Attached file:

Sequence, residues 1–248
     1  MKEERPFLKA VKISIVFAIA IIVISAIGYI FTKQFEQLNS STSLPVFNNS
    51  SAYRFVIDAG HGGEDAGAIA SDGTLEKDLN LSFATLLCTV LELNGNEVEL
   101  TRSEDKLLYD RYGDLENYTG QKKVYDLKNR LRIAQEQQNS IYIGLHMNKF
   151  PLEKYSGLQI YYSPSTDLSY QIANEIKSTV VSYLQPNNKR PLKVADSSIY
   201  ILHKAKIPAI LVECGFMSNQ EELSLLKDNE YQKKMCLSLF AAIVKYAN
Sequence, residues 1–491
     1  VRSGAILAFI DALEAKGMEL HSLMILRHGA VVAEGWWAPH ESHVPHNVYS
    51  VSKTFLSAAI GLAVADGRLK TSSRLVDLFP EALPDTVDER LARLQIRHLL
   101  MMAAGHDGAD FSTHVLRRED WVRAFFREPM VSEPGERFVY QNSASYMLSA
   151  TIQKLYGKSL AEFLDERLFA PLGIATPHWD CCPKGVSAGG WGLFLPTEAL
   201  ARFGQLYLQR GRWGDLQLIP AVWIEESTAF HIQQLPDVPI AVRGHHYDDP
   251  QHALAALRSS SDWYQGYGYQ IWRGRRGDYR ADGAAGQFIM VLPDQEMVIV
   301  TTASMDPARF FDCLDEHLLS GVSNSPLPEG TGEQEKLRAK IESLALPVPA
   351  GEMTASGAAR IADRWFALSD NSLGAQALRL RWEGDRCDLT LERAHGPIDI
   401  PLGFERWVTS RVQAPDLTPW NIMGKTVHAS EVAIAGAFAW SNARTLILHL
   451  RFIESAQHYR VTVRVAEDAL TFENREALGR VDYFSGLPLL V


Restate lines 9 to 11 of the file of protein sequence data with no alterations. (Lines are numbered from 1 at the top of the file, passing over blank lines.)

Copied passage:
    51  VSKTFLSAAI GLAVADGRLK TSSRLVDLFP EALPDTVDER LARLQIRHLL
   101  MMAAGHDGAD FSTHVLRRED WVRAFFREPM VSEPGERFVY QNSASYMLSA
   151  TIQKLYGKSL AEFLDERLFA PLGIATPHWD CCPKGVSAGG WGLFLPTEAL